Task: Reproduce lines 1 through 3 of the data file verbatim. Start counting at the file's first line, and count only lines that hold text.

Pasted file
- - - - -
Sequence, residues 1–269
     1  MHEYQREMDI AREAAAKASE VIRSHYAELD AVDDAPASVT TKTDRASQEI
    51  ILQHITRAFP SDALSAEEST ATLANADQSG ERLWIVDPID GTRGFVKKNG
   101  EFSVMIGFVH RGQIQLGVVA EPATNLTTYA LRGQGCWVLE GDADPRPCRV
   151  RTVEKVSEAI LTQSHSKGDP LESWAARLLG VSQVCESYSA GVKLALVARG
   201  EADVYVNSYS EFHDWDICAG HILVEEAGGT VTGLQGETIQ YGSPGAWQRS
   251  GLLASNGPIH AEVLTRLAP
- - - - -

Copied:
Sequence, residues 1–269
     1  MHEYQREMDI AREAAAKASE VIRSHYAELD AVDDAPASVT TKTDRASQEI
    51  ILQHITRAFP SDALSAEEST ATLANADQSG ERLWIVDPID GTRGFVKKNG